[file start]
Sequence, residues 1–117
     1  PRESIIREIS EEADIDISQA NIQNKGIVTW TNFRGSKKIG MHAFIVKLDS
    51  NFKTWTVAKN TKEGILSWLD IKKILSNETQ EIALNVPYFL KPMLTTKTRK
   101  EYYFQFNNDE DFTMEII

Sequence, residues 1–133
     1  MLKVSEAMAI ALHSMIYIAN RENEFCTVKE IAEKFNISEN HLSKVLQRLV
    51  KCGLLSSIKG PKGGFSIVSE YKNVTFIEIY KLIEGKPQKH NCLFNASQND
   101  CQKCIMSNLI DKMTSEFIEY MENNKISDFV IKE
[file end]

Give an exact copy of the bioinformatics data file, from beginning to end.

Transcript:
Sequence, residues 1–117
     1  PRESIIREIS EEADIDISQA NIQNKGIVTW TNFRGSKKIG MHAFIVKLDS
    51  NFKTWTVAKN TKEGILSWLD IKKILSNETQ EIALNVPYFL KPMLTTKTRK
   101  EYYFQFNNDE DFTMEII

Sequence, residues 1–133
     1  MLKVSEAMAI ALHSMIYIAN RENEFCTVKE IAEKFNISEN HLSKVLQRLV
    51  KCGLLSSIKG PKGGFSIVSE YKNVTFIEIY KLIEGKPQKH NCLFNASQND
   101  CQKCIMSNLI DKMTSEFIEY MENNKISDFV IKE